Rob and I relish our custard apples and QBR for our late morning brunch. The ensuing meals consist of more QBR’s; stir fry’s and failed ugly falafel.
Sadly lacking a US visa for Rob in our hands, we organize our trip back to Ulladulla to seek Traci’s free accommodation once again.
Location six: Ulladulla, Australia (again)
Dates: May 25-30
The morning of May 25 we travel back to Ulladulla. The adventure requires a bus, two trains and an hour-long car ride. On the train we drink our homemade amla tea and eat a lunch of dried dates and sultanas.
“Didn’t expect to be back here, did ya?” Traci jokes to Rob and me in her Australian accent.
No, we didn’t.
We settle into the familiar guest house once again. For dinner we make falafel. But this time they actually turn out well. In fact, this time, it’s fantastic. We use a quick soak method to soak our dry chickpeas. Then we utilize our portable food processor to pulverize the chickpeas into coarse sand and combine with various herbs and spices. I fry each side of the falafel in the electric fry pan. We transform dinner into an Asian-Middle Eastern fusion meal by serving the falafel on top of brown rice and a black bean sauce.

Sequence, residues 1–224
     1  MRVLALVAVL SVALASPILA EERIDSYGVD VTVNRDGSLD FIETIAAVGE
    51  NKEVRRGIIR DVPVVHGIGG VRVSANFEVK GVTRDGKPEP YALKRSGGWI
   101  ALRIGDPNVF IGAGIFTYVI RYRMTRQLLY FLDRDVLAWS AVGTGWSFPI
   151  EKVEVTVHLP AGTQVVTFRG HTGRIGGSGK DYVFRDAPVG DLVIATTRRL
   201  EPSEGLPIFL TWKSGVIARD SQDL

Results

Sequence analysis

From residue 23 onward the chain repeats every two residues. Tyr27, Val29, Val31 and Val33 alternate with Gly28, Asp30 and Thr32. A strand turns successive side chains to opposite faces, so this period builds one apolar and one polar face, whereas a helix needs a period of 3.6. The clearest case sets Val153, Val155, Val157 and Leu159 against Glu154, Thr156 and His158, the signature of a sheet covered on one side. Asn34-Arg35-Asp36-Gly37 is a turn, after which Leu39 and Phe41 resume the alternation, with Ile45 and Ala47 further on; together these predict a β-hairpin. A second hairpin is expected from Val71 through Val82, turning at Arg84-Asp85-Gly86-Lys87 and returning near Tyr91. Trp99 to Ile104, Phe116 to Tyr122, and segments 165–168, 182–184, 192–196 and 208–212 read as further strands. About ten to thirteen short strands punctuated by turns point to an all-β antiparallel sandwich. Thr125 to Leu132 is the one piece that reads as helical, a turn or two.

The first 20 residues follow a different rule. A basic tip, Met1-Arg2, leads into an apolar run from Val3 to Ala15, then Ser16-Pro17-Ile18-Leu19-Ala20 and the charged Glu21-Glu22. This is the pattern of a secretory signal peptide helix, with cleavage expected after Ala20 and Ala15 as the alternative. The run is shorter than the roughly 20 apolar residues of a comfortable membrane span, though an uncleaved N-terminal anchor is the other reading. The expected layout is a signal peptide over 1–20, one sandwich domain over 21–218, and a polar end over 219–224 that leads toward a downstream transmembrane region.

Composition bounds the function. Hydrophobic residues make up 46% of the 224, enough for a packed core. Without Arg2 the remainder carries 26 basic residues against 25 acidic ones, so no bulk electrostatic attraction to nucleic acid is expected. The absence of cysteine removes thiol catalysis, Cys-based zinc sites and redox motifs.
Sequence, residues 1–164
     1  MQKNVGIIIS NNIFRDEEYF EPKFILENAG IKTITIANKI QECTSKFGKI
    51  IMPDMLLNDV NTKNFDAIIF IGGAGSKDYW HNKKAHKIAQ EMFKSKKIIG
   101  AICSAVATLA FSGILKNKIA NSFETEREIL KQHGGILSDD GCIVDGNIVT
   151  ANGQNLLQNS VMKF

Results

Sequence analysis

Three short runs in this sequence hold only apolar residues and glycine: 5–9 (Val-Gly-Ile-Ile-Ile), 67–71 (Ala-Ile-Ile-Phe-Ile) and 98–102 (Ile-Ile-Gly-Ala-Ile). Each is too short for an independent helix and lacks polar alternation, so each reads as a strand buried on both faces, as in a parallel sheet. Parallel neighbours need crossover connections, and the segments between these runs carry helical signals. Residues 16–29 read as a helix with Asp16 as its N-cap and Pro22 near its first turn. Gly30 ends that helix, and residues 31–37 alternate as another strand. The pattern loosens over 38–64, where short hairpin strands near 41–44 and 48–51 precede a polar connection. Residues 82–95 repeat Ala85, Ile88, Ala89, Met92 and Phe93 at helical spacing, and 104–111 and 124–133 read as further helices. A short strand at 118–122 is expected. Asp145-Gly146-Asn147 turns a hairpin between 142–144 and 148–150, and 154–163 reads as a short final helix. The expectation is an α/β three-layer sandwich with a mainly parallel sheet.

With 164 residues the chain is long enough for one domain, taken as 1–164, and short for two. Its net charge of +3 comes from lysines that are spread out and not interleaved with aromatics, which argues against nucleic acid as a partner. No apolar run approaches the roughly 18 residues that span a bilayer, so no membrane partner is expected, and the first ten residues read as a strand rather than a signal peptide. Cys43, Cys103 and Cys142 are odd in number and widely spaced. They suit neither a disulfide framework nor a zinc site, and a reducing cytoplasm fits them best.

After dinner Traci comes by and tells us Max, her partner, has had a heart attack so she’s driving him to the hospital. Rob and I can barely believe what we’re hearing. After the news soaks in we discuss his current diet and what we’d recommend he change to prevent another heart failure.
Breakfast the following morning is our usual QBR as it’s simple to prepare and it’s the only thing we have all the ingredients for. Lunch is QBR again because the car won’t start and Traci isn’t home to help us. Around 5pm Traci returns so Rob and I head to the grocery store to pick up rice, potatoes, legume soup mix and frozen vegetables. Dinner is a stew made of potatoes, chickpeas and some of the mixed legumes.